There are no huge mysteries at the core of “Human Target,” no deep back story that’s going to require a whole lot of pondering and unpacking after every episode.
And that’s more than all right. What “Human Target” does have a whole lot of is fun. It’s a somewhat old-fashioned and pretty kick-ass hour of TV, with great action sequences in the first two episodes and, probably more important, well-turned performances by its three regulars: Mark Valley, Chi McBride and Jackie Earle Haley.
The show is based on the DC/Vertigo comic of the same name and stars Valley as Christopher Chance, a hyper-competent private security expert who’s called in to protect clients when regular protective measures won’t cut it. Unlike the comics, where Chance actually becomes the people he protects through elaborate disguises, the show’s Chance is basically the world’s best bodyguard, skilled at all manner of combat, incredibly observant and a little bit nuts.
The decision not to turn Chance into his protectees is a good one; Valley can be a charismatic actor (and, as an Army veteran, he’s convincing when it comes to the physical demands of the part), and it just makes more sense to have the star of the show, and not a different guest star each week, be at the center of the action.
I say that Valley “can be” charismatic because at times in his career it’s felt like his employers didn’t really know how to use him. That’s not an issue in “Human Target” — Valley shifts easily between action, drama and scenes that are played with a little bit of a smirk. As I watched the first two episodes, I kept thinking of “Keen Eddie,” the poorly treated but highly watchable FOX series from a few years back that starred Valley and used him terrifically. The same is true here.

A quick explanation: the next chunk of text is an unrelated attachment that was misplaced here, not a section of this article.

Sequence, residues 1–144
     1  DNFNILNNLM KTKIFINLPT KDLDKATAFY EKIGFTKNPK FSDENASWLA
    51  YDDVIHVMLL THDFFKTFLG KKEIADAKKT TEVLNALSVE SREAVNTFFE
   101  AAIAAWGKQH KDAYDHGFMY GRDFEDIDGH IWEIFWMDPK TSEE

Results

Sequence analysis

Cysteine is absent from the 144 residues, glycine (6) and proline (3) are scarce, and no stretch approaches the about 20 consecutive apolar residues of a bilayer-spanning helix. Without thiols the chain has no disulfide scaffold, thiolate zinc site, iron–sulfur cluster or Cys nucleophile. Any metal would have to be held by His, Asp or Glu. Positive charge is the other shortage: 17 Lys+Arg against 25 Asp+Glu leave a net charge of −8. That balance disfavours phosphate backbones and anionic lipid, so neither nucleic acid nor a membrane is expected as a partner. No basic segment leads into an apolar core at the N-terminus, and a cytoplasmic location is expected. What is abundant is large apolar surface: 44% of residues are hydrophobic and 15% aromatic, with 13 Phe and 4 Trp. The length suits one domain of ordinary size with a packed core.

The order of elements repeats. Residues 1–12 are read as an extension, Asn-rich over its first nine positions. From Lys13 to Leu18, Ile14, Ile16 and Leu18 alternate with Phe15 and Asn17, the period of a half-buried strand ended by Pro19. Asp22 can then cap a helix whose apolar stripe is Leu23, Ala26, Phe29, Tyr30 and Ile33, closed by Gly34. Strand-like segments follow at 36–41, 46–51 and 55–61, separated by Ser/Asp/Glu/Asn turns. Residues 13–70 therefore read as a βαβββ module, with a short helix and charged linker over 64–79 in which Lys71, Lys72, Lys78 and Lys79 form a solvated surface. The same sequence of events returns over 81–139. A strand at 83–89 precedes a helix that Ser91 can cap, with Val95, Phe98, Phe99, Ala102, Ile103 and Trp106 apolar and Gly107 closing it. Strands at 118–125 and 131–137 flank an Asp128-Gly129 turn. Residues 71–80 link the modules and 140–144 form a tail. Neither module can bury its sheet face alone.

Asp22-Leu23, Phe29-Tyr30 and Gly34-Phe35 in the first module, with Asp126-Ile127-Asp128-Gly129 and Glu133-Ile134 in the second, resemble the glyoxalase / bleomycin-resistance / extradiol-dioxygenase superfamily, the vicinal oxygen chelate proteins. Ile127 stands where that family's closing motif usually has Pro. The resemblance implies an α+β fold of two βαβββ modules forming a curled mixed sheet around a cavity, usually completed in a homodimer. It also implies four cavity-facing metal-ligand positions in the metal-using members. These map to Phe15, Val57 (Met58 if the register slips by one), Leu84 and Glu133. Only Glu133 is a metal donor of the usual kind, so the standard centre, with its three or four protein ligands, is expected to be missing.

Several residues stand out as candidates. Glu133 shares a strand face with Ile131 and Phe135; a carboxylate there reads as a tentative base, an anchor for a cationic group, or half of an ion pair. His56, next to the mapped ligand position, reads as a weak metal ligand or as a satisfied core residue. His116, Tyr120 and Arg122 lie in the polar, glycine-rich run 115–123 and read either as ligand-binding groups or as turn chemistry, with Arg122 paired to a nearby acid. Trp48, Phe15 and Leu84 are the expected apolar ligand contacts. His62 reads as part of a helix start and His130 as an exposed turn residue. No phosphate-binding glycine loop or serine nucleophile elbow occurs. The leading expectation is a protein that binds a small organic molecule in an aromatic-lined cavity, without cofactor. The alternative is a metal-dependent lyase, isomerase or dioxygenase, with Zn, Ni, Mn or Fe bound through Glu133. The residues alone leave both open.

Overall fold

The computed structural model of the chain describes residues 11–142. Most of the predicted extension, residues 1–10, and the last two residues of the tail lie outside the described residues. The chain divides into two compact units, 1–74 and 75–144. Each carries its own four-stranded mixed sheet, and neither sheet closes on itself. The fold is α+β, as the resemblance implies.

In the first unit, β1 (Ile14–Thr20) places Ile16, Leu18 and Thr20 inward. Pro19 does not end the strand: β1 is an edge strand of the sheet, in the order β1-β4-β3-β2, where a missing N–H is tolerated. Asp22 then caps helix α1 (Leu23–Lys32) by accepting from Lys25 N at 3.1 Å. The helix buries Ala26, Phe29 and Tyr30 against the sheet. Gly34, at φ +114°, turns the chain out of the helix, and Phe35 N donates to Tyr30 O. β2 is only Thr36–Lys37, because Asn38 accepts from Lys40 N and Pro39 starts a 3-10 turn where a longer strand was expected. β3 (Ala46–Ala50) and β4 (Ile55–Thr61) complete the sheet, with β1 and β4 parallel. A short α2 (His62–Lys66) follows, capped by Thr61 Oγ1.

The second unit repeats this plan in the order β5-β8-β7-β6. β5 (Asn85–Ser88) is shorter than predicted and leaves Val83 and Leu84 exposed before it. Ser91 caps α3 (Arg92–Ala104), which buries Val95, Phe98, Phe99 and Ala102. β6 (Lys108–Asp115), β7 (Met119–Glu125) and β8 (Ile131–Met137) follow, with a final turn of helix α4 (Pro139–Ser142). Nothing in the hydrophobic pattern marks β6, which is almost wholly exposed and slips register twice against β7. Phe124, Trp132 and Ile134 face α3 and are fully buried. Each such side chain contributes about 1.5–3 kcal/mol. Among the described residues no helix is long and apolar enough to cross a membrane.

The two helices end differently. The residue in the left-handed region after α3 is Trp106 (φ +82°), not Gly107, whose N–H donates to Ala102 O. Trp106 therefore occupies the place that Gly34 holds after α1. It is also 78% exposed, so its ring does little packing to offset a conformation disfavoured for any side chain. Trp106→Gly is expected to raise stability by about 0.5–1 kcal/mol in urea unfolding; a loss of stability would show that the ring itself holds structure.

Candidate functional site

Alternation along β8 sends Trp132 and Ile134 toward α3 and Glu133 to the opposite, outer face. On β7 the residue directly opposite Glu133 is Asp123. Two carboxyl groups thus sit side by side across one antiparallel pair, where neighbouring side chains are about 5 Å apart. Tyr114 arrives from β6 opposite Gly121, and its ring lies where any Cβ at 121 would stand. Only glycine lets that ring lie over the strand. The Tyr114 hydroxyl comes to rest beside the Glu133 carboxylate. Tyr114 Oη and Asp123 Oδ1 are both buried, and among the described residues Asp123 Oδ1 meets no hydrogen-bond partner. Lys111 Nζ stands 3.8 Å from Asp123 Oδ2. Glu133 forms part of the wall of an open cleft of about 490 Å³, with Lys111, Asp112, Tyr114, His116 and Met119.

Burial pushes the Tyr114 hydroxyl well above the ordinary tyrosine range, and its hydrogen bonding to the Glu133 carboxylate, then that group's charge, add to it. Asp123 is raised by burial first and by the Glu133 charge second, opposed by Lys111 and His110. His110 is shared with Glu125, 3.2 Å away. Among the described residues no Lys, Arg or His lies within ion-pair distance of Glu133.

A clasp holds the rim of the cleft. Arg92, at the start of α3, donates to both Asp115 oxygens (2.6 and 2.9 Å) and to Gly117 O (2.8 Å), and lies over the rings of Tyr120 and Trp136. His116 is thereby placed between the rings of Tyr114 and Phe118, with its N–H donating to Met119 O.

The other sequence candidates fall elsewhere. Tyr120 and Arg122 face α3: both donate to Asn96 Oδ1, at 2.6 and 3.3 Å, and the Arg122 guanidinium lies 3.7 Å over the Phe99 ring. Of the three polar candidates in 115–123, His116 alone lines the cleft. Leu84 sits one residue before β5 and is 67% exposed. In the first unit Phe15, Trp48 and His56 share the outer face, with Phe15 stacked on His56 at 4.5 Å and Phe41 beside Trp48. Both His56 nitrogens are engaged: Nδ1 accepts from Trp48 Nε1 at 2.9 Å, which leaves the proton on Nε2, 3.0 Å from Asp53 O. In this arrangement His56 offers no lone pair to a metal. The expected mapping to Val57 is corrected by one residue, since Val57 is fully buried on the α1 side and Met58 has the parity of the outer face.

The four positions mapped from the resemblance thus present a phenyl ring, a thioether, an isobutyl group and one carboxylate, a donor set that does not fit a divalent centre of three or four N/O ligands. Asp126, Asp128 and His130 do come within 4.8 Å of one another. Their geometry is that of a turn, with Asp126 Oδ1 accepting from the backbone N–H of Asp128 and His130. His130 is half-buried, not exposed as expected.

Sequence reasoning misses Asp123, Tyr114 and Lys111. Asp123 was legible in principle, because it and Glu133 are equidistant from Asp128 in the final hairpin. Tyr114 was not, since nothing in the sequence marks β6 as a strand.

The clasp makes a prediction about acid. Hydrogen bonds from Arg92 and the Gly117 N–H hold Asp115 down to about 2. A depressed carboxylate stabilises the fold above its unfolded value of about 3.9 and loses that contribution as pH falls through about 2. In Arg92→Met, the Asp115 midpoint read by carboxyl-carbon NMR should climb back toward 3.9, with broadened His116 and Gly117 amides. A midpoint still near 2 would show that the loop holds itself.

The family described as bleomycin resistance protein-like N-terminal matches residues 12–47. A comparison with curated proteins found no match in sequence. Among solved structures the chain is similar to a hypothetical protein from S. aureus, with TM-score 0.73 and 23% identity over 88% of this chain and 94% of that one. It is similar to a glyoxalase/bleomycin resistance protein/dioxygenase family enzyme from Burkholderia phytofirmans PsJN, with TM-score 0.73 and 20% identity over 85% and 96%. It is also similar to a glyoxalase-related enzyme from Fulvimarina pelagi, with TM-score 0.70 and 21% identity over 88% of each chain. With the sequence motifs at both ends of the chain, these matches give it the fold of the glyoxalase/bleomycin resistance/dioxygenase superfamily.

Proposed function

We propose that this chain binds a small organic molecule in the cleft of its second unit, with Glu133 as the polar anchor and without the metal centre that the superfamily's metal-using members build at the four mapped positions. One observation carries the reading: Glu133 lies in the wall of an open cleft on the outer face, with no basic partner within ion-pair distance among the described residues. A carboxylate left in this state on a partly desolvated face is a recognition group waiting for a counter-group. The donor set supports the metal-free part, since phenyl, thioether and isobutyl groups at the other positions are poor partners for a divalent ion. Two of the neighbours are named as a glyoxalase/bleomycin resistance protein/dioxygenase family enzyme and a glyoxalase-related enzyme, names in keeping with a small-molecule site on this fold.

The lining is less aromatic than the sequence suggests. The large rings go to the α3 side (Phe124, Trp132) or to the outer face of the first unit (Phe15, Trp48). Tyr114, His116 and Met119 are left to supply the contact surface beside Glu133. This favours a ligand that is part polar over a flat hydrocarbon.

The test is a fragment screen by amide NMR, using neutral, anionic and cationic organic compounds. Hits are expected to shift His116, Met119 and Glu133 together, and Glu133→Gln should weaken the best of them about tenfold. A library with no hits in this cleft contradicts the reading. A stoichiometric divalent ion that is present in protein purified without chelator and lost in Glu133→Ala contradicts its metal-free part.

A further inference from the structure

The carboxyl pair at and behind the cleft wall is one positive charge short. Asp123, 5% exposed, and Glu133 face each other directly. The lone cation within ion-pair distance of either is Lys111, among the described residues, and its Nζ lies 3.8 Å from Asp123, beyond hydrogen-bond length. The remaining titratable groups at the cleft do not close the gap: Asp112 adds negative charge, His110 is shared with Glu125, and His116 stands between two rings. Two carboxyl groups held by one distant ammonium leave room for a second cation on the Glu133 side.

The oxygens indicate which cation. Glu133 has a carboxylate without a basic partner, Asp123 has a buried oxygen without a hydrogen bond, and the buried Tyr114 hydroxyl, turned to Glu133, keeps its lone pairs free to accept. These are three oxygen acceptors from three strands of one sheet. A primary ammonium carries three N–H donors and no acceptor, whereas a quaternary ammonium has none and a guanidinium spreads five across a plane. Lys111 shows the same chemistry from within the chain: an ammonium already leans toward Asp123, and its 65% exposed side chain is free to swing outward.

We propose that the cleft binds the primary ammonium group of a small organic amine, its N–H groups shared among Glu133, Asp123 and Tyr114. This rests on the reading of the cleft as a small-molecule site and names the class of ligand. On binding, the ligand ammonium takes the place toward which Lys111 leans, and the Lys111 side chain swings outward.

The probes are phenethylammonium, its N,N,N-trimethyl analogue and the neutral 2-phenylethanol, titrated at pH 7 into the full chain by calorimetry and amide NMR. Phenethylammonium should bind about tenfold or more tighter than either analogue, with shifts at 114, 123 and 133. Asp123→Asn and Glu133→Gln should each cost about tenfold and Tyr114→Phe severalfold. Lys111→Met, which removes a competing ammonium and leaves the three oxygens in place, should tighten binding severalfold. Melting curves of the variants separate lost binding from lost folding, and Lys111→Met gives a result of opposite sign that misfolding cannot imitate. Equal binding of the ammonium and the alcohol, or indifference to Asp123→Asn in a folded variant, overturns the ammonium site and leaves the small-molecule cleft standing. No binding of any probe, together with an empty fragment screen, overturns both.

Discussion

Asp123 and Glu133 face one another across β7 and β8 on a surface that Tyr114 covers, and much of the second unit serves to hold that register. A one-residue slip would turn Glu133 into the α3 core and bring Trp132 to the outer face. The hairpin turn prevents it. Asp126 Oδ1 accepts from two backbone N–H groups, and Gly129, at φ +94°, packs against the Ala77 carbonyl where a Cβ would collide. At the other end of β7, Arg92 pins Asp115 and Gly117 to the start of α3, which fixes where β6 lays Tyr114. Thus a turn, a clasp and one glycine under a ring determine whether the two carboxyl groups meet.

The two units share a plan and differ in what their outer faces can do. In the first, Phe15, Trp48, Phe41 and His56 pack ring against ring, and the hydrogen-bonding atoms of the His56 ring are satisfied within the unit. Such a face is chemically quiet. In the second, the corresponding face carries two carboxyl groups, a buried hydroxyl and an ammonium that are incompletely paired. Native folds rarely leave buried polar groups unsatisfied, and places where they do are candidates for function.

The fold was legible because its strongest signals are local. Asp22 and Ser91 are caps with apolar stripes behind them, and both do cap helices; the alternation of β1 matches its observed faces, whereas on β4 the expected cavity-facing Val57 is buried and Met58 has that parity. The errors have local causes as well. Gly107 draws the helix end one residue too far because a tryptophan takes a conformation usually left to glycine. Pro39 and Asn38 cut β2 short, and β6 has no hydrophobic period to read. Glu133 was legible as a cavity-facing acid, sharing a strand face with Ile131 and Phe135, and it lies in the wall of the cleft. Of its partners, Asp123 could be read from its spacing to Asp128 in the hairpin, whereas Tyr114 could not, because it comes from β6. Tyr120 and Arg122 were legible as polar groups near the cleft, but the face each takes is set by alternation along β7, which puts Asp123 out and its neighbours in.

As Chance’s partner Vincent, McBride gets to show off some of his considerable comic chops as well, particularly in scenes where Haley’s Guerrero — a shady hacker who helps out when he’s needed — is involved.
The show also operates at a pretty high level when it comes to the frequent action sequences. Sunday’s (Jan. 17) premiere takes place mostly aboard a high-speed train and features a couple of well-choreographed large stunts as well as a fantastic (and lengthy) fight scene in a cargo car. The second episode, which will air Wednesday (Jan. 20), the show’s regular night, has a couple other good fights (one of which involves McBride) in close quarters on a plane.
That second episode does feel somewhat more constrained than the pilot, but the show doesn’t suffer for it. There are fewer slam-bang stunts than in the pilot — as tends to be the case on any show once the week-to-week rigors of production kick in — but the pacing and performances are such that there doesn’t need to be an explosion in every act.
“Human Target” also has one of the cooler opening-credit sequences on television today, and the score — by “Battlestar Galactica” composer Bear McCreary — is excellent. Take a look at the credits:
Circling back to the point I made at the top of this post, it sometimes feels like there’s a belief among TV fans that a drama has to be complex for it to be good. I love getting sucked into the rich tapestries of “Lost” and “Mad Men” and “The Wire,” but I also really like watching the off-center heroes of “Burn Notice” and “Castle” wrap up a case a week. And like those shows, there are hints in the early going of “Human Target” that there’s more to unpack in their lead characters than what’s on the surface.
That mix of close-ended stories and longer-arc character development has undergone a renaissance in the past few seasons with shows like “House,” “Bones,” “Chuck” and the aforementioned “Burn Notice” and “Castle.” “Human Target” is a worthy addition to that class.
“Human Target” premieres at 8 p.m. ET Sunday, Jan. 17 on FOX and moves to Wednesdays starting Jan. 20.
Photo credit: FOX